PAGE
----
Many managers feel that the worst part of being a manager is to have a tough conversation with their employees. Second only to laying off someone. We prefer as managers to focus on meeting our goals and solving challenges.
Just last week I answered two questions on the topic. One was “How do I tell my employee he has bad body odor and that people stay away from him.” The second was “How do I tell my employee that his complements might feel offensive or disturbing.”
Should I wait?
When we are faced with situations like this, we usually feel bad. We don’t like these conversations, we tend to postpone the tough conversations. We do that because we don’t want to be the ones who hurt someone else. We don’t want to get into an argument about something which is very sensitive.
But you must have a conversation. No matter what. What will happen if you don’t? Someone will get hurt. The problem won’t go away. It will get worse and then it will be harder to handle it. For example, someone will complain about sexual harassment in your team. You will be investigated for not stopping it. Maybe your employee with bad odor will leave as people don’t want any relationship with him and now you have to recruit someone new. It takes at least 6 months to get that team productivity back! You have to take action!
What can the best hostage negotiator teach us?
In his book “Never split the difference” (I’m not an affiliate), Chris Voss describes a technique called “accusation audit”. It is used to air all negative feeling at the beginning of a meeting and to address the worst assumptions in the room so they wont effect the rest of the negotiation. It also helps to build trust and shows you are emphatic to how the other side feels.
The technique is to think about what are the worst accusations the other side might feel or think about you. For example – “They try to rob us and take all the profit”.
At the beginning of the conversation you start with “You might think that we are trying to rob you and take all the profit”. Saying that out loud enables the other side to feel you are acknowledging their fears and emotions. Then you can start talking about why this is not true. It lowers the guard and reduces negative energy. It actually increases the trust between the 2 groups at the table (If you are negotiating).
Accusation audit for tough conversation
The technique can also be used to prepare someone for a difficult conversation. For example: “What I’m going to tell you might disturb you and make you feel angry.” When your boss says that to you, you prepare for your worst case scenario in your head which usually is far worse than what he will actually say. As a manager, when you share with your employee what’s going on, they are mentally prepared to receive the negative feedback.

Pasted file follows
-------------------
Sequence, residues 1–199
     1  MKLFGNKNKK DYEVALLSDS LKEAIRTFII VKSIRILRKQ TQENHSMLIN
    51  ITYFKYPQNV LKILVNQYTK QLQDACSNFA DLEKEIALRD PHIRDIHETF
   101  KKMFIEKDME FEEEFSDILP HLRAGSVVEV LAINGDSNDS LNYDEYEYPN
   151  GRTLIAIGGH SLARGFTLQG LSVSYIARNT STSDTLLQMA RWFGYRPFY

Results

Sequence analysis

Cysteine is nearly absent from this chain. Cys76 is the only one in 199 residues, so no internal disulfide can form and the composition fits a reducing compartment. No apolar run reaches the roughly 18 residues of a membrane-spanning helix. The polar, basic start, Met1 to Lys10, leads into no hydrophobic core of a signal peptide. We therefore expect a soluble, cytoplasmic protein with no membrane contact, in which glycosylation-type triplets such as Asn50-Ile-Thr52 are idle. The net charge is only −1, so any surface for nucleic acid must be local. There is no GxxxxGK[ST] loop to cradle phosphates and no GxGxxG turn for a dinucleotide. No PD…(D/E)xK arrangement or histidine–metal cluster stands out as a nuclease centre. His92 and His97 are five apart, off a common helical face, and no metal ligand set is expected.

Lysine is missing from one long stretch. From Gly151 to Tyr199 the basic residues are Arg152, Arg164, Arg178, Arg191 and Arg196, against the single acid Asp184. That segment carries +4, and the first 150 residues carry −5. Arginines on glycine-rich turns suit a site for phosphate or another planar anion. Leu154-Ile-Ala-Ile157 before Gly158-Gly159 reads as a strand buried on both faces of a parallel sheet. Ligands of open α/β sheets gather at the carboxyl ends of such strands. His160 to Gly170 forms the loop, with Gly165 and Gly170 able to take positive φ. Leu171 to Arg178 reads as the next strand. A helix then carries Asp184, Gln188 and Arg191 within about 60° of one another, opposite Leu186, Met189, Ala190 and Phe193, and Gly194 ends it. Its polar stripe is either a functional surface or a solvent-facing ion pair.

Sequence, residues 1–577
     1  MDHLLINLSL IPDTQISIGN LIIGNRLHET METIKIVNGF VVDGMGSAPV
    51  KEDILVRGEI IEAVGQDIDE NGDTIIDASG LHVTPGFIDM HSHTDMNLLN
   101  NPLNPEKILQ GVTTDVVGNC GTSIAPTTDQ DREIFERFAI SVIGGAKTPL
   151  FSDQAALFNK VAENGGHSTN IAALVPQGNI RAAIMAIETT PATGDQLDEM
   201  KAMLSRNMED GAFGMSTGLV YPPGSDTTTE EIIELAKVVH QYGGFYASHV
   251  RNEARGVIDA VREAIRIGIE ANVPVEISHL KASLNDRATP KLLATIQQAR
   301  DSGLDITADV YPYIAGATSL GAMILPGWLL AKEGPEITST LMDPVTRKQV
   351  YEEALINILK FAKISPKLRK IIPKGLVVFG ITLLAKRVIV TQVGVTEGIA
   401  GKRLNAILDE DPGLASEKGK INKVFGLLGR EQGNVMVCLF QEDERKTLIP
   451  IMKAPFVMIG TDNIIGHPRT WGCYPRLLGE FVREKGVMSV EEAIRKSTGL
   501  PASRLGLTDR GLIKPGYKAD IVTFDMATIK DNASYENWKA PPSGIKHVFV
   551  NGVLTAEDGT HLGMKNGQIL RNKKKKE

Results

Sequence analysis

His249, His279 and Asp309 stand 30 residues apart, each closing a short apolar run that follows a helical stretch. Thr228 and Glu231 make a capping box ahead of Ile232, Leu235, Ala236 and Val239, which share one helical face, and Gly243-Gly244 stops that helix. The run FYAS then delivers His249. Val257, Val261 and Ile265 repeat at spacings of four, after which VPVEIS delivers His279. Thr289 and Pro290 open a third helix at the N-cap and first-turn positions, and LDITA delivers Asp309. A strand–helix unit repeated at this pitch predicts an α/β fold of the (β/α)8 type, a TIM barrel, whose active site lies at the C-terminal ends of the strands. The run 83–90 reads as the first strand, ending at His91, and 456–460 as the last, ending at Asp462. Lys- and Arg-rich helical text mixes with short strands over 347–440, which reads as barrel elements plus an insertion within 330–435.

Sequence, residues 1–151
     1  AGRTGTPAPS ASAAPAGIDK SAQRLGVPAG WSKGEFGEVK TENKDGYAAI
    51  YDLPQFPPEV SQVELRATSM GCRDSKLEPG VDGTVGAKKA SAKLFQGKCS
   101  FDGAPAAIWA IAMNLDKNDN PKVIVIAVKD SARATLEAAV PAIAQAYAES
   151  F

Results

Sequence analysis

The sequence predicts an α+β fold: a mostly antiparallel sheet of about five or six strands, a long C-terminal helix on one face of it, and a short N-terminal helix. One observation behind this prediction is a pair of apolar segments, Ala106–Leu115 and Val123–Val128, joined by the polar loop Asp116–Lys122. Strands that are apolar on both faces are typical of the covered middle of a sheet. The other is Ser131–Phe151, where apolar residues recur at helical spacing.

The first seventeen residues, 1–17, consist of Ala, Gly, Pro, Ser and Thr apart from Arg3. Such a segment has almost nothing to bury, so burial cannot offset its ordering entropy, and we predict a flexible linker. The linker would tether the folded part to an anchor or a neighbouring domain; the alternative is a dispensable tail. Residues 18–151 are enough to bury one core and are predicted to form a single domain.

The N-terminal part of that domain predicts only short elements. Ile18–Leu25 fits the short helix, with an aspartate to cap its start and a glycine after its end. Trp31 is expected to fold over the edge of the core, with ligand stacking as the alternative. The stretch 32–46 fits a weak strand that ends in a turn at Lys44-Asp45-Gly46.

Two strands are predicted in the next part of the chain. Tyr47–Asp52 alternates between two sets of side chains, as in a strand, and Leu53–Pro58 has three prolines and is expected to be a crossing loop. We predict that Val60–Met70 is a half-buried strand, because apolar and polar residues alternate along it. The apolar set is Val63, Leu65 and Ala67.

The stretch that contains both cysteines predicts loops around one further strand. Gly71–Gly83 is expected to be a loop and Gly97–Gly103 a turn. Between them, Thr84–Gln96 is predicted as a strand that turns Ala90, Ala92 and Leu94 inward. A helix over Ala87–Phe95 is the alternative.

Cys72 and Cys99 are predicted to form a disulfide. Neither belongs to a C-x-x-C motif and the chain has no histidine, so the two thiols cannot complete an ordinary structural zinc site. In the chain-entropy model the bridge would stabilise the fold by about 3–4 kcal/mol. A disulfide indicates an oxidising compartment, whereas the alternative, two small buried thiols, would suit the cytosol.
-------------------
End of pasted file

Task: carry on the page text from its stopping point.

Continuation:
Another important part of the conversation will be to emphasize that the goal of this conversation is not to bash the employee but to keep him safe and to contribute to his success. For example: “Alex, you are doing a great job and it’s important to me to make sure you are successful now and in the future. I’m going to share with you something right now because you are a valuable member of my team and I want to keep it that way in the future”
Tell the facts, not what you think
When you go into details, do not use language that will feel accusatory or offensive. Do it from a position of genuinely caring for him. “Jeremy, when we work with you in the same room we smell a bad odor which you probably understands makes people to want to keep some distance. I hope it’s not a health problem and that there is something we can do about it because I want you to succeed and feel great in this team.”
In this example, I didn’t say “You have bad body odor” as it may feel that I’m blaming him for something that he might not be aware or maybe can’t actually control. I describe whats going on and how people can interpret that or react to the situation.
Close with empowerment
At the end of my example I repeated the employee role and significance in the team to enforce the understanding how significant he is and that the conversation is about helping him and not bashing him.
After you have done that, stay quiet. Even if it takes 10 seconds (yes, it’s hard). Let your employee talk, let him respond. Listen carefully to what he has to say and respond accordingly.
If he resists, you can reiterate what you said without accusing him and close again with empowering message about his value.
When we tell people how we think they are going to feel when we tell them something, they usually prepare for the worst case and respond better to the actual conversation.
Experiment with Accusation audit and refine it based on the reactions you get.
Share your experience
Did you enjoy this article? Please take a moment and share it along with a comment that describes your takeaway. Feel free to mention me so I get notified. That would be very helpful.
Thank you for reading this.
Nir Megnazi – Leadership Coach